1. Do not patronize a milk dealer at any price whose milk 
after standing for two hours reveals a visible sediment at the 
bottom of the bottle. 

It is evidence of dirty habits, extremely suggestive of dan- 
ger, and entirely preventable by clean, decent methods without 
greatly increasing the cost. 

2. Subject your milk to low pasteurization (140 degrees 
Fahrenheit for twenty minutes) and after cooling keep it at a 
temperature below fifty degrees Fahrenheit. 

This will not make bad milk good, but it will destroy germ 
life and reduce the danger of milk-borne disease to a minimum. 

It has been conclusively shown that low pasteurization 
when done properly does not impair the enzymes or ferments 
contained in fresh milk, does not alter the chemical composition, 
does not lessen its food value, either as to nutrition or digesti- 
bility, and does not alter its taste or physical qualities. 

If at any time you have trouble with the milk, notify the 
milk inspector and he will investigate to the best of his ability. 

Bottles. 

There seems to be very little violation of the regulation 
prohibiting the use of milk bottles as containers for substances 
other than milk, the public being the principal offenders, as they 
do not realize the danger in using milk bottles for molasses,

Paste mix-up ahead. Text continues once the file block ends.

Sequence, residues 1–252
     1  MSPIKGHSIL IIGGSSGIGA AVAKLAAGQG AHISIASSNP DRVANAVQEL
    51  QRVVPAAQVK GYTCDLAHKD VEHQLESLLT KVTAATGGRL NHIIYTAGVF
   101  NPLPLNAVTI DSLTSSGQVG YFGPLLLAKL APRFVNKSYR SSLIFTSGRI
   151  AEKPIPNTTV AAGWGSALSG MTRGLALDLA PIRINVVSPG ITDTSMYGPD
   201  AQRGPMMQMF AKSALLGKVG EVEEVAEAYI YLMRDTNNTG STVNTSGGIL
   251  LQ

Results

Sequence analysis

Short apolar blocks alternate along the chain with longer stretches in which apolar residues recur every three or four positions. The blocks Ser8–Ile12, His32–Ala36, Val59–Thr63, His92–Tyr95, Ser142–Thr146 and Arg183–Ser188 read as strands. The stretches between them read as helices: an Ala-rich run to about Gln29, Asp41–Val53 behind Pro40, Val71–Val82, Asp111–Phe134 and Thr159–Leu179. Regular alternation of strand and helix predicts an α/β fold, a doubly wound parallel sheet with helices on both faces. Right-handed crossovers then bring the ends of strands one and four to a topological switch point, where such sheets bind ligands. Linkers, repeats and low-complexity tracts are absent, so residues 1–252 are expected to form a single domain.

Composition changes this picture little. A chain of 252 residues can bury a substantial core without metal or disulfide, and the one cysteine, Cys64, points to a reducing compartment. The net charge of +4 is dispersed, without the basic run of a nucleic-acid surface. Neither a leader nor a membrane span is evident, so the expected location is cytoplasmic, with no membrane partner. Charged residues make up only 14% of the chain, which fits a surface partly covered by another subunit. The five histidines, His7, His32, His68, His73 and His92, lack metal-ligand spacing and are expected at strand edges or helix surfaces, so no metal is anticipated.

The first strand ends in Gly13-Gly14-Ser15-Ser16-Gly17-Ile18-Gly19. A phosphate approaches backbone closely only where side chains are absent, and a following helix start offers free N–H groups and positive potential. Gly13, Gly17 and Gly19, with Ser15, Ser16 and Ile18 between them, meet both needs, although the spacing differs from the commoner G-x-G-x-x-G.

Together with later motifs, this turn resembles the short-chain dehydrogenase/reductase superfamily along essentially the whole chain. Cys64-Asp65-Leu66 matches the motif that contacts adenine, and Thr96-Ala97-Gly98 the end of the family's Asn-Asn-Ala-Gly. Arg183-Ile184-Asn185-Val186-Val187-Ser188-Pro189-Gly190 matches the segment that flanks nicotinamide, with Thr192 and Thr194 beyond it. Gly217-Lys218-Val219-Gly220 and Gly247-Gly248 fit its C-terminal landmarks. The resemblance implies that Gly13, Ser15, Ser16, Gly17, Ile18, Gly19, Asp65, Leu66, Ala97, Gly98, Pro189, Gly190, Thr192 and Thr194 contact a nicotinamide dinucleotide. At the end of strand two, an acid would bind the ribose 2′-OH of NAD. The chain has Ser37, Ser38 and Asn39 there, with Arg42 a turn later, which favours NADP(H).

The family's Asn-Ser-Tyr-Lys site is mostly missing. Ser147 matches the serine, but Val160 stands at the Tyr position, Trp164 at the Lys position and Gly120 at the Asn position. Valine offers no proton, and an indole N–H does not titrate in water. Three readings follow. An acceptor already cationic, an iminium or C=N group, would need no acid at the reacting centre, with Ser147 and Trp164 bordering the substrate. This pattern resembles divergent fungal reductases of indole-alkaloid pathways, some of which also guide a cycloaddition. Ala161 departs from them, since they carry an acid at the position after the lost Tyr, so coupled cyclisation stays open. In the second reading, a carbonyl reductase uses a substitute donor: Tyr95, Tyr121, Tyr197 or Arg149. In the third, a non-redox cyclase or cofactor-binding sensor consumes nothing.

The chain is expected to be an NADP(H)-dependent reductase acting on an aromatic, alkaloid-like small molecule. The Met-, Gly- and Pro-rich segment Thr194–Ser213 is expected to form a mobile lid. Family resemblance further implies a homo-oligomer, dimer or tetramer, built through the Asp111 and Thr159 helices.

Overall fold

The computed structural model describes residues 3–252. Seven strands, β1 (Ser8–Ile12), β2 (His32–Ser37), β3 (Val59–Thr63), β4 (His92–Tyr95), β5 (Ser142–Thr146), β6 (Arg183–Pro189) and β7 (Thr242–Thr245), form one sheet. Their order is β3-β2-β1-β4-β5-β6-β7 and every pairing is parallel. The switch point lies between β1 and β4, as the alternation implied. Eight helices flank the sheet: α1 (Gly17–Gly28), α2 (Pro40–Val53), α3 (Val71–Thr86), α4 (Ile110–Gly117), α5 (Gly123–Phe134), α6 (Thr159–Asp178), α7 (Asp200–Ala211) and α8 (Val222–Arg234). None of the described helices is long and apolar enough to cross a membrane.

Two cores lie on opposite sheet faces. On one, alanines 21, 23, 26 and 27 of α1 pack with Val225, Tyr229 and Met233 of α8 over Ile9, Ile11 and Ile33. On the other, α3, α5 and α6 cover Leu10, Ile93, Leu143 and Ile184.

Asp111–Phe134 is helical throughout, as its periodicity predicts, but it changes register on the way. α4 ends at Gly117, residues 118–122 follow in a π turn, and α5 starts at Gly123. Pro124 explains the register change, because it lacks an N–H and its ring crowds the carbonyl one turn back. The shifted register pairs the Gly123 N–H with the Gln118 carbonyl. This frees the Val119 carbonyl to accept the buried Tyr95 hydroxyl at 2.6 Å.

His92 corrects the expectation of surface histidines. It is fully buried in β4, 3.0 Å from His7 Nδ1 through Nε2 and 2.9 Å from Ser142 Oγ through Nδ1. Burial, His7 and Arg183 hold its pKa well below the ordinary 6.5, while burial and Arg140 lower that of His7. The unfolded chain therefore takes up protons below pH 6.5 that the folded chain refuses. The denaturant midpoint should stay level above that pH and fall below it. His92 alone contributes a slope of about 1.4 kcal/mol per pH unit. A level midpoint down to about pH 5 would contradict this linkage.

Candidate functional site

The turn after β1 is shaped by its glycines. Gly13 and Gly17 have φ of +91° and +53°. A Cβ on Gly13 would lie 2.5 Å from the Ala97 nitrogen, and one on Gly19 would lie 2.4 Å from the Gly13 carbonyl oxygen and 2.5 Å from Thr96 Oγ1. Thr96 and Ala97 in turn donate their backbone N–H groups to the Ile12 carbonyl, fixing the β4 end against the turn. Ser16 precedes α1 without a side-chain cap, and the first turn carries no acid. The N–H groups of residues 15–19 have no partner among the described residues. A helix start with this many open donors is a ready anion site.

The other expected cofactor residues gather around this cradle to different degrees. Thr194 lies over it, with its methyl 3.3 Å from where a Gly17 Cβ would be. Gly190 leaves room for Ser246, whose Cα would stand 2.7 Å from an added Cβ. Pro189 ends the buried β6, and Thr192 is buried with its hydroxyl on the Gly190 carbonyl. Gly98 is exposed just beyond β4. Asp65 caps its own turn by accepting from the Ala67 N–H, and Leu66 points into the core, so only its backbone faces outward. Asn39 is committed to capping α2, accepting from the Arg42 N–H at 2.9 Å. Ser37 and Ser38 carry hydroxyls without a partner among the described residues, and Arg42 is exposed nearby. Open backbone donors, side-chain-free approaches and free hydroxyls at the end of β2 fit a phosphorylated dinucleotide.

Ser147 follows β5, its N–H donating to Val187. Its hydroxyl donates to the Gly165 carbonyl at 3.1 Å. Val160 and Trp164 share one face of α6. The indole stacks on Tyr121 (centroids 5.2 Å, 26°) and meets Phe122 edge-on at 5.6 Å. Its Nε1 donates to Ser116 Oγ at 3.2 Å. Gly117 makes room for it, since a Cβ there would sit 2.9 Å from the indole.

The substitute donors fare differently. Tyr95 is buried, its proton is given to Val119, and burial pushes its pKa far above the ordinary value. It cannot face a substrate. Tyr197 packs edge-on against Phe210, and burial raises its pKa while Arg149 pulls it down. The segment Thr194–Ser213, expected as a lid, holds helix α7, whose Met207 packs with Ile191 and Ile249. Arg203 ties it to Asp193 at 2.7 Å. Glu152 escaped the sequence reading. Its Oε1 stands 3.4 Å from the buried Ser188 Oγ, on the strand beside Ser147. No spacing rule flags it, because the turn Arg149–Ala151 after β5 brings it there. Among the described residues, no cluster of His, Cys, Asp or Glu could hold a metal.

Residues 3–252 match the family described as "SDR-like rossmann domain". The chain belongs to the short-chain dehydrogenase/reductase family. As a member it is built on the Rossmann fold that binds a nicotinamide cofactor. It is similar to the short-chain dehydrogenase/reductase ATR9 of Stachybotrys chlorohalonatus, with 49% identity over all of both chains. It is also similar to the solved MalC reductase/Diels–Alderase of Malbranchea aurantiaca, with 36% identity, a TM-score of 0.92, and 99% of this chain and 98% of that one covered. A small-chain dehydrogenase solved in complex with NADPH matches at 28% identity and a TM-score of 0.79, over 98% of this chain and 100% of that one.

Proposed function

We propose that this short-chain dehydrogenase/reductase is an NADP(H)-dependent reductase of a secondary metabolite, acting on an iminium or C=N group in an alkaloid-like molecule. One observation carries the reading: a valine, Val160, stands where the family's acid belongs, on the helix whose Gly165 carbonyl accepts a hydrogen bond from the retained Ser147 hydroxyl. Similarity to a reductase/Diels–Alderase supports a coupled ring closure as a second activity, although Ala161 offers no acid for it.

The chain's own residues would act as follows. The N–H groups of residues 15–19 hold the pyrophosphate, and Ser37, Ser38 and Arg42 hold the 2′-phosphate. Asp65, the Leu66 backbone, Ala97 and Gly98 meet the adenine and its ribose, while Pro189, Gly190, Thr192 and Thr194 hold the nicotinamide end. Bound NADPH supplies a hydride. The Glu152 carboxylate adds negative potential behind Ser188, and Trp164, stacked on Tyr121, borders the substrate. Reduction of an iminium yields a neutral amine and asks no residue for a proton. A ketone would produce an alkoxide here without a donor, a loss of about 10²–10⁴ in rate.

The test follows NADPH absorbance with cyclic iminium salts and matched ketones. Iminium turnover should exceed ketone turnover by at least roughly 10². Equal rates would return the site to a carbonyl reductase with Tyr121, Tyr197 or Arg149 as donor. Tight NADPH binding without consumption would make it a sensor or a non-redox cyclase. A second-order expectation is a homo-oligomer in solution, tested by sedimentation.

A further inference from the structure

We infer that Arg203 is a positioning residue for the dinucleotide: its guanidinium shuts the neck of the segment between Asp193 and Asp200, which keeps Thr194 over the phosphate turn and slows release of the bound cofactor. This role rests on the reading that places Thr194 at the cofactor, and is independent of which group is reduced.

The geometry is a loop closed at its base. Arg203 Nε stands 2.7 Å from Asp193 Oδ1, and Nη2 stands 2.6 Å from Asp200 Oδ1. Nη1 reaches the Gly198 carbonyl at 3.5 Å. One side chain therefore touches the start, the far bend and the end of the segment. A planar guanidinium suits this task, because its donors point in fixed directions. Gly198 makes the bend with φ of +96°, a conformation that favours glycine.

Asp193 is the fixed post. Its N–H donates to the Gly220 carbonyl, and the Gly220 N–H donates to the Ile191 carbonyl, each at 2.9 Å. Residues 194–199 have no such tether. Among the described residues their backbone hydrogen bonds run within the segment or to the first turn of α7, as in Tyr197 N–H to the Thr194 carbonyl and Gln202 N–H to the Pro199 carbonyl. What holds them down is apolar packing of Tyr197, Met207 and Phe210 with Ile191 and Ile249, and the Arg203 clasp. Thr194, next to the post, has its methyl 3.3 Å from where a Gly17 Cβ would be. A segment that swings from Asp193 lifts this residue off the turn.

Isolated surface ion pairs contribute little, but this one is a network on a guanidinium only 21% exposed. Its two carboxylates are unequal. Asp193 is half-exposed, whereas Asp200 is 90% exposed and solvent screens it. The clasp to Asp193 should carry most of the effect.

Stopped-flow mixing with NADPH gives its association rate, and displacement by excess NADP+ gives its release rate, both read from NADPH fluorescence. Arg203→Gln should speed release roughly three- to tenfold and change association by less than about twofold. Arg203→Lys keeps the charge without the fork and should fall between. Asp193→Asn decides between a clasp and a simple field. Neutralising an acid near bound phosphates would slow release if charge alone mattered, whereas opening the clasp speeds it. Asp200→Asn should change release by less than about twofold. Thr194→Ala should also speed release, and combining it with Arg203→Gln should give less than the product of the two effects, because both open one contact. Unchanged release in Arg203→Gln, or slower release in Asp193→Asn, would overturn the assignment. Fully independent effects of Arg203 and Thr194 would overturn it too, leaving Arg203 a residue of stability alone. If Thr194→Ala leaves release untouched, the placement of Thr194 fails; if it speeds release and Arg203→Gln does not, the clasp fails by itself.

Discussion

vinegar, and kerosene. The daily collection of bottles by milk- 
men would assist in enforcing this regulation. 

Where there is a case of infectious disease the bottles 
should not be collected by the milkman. The consumer 
should leave some suitable container ready for the milkman in 
which to pour the milk. If by any chance milk bottles have ac- 
cumulated during a sickness, they should be sterilized or fumi- 
gated before they are returned to the milkman. I mention these 
points, as it is often dark when the milk is left and the card 
might not be noticed. 

Milkmen. 

Almost without exception the milkmen have been most 
courteous and shown a desire to co-operate in every way pos- 
sible. Carelessness, I think, rather than intentional wrong-do- 
ing is responsible for the majority of cases of dirty milk. 

In one instance a milkman was discovered tasting milk 
with the same spoon, without washing it in the intervals, and in 
another case there were several teaspoonfuls of soapy water in 
each bottle, waiting to receive the daily supply of milk. 

Occasionally some dairyman will send milk into the city 
from cows with infected udders, and storekeepers in the small 



308 ' ANNUAL EEPORTS. 

stores are careless about, icing. I call attention to these in- 
stances to show that eternal vigilance is the price of safety and 
applies especially to the milk problem. The following rules 
were posted in all barns where cows were kept and a license 
granted to sell milk by Dr. J. E. Richardson : — 

The board of health issues the following suggestions to milk pro- 
ducers in the interest of cleaner and purer milk: — 

1. Keep cows clean. 

2. Keep floors, walls, and ceilings of stable and milk room clean 
and free from cobwebs. Whitewash frequently. 

3. Use clean bedding, and never use manure for that purpose. 

4. Air the cow stable frequently. 

5. Permit no sick person to handle the cows or milk, but have